When I was at school (hundreds of years ago), I wanted to be a teacher. I did my year 10 work experience at my school – I interned for the PE department because it was my favourite subject. I loved the idea of playing a part in students’ development and watching them learn and master new things with your guidance.

Somewhere around age 17, I lost the thirst to learn. I knew university wasn’t for me. I was partway through my A-Levels (PE, English Lit, English Language, Psychology) when an opportunity to go home (Sydney) and work at the Olympic Games 2000 came up, I grabbed it with both hands. Bags packed, I was out of school and all ideas of education and teaching we’re left on the tarmac.

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20 whole years later, I’ve done it. I’ve finally got myself a teaching job. I’m absolutely delighted to say I’ll be joining the staff at The City of Liverpool College and I will be delivering the NCTJ Journalism Diploma programme. It’s the very course I graduated from back in 2016 and the very course I have championed to anyone interested in a career in journalism.

Since the vacancy came up online, I’ve thought of nothing else than delivering shorthand training and supporting journalism students with opportunities to expand on and polish their portfolio’s, ready for the world of work. I can’t wait to get started.

It’s inevitable that the new job has made me stop and think about my previous career decisions. It’s entirely possible that, had I have knuckled down at 17, gone to uni, got my PGCE, that by now I could be enjoying 15 years worth of educating others. But that’s just the way the cookie crumbles, right?

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So this September, there are four pairs of shiny new shoes (okay, mine are Nike’s) on the stairs, four new water bottles lined up ready for the first school day, and three students rooting for their momma on her first big day.

It’s going to be fairly chaotic for us all going back to an educational setting. Whether it’s the kids, teens, or adults. I hope your youngsters enjoy seeing their friends again, you settle into a routine quickly, and you’re all safe and well.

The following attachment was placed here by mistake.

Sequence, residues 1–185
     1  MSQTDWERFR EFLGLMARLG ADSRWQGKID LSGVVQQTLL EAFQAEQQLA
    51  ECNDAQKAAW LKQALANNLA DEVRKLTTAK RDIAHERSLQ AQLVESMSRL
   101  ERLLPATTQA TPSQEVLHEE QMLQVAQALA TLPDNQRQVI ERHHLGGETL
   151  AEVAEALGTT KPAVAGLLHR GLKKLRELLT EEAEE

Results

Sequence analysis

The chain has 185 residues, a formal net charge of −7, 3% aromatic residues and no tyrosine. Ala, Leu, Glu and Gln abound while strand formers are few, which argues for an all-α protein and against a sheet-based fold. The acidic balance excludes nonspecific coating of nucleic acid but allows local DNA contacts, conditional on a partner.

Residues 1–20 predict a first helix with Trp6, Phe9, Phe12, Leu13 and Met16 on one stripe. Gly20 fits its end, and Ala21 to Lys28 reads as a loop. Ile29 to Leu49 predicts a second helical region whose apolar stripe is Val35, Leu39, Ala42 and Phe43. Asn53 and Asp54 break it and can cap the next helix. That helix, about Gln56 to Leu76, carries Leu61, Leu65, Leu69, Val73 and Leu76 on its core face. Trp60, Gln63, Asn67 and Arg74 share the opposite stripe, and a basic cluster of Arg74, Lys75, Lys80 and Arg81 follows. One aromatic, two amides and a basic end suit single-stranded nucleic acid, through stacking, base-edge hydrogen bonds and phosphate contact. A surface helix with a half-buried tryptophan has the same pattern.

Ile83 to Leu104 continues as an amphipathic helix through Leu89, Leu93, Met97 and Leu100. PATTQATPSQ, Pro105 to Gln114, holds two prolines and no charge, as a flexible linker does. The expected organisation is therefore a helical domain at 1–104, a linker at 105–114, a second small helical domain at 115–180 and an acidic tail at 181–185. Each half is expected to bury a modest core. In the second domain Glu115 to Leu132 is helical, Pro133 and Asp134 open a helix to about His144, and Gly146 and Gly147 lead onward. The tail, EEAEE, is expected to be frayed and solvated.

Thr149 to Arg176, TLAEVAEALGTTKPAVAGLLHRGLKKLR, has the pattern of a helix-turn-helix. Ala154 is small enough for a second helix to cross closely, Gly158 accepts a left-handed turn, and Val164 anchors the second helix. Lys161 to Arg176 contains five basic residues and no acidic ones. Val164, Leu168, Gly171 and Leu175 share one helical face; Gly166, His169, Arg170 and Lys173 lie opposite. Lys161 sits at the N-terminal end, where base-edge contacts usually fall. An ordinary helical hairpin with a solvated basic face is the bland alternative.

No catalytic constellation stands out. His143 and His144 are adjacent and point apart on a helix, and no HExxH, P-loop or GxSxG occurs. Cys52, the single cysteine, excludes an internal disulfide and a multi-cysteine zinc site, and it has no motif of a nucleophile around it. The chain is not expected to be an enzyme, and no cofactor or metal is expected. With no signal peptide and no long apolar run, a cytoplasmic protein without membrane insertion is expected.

Happy New School Year!

Miss James

 

 

 

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Urban Orienteering with The Lantern Company

This summer I worked with award-winning, Liverpool-based creative events company, The Lantern Company. The Street by Street, Creative Revolution has begun, and the DIY Festival project is now live!

Back in July, The Lantern Company put a call out for artists to help create a DIY Festival blueprint for families, community groups and neighbours. The Lantern Company is known for producing memorable, artistic events ( City of Light, The Monster Halloween Ball, Lumiere London, Liverpool Sound City, Hong Kong Parade, etc.) Due to Coronavirus lockdown, The Lantern Company can’t bring people together in its usual, inspiring way and so, it launched a brand new initiative. A DIY Festival Kit.

The Lantern Company

From The Lantern Company website: “The Street by Street Creative activities have been specially designed to kick start the party, from where you live. You can enjoy the activities in any way you want – at home anytime or as a way of connecting with your neighbours.

If you want to inspire families, friends, and neighbours to come together in your block / street / local park in a safe and socially distanced way, these activities are the perfect way to come together, apart, and have a mini celebration.”

I saw the call for commissions and immediately set to work on my proposal. A few weeks earlier I’d taken to the paths of Springfield Park to create some chalk artwork challenges for kids and their families to enjoy. They were well received and so I submitted my ideas to The Lantern Company – and they loved them too!

The Lantern Company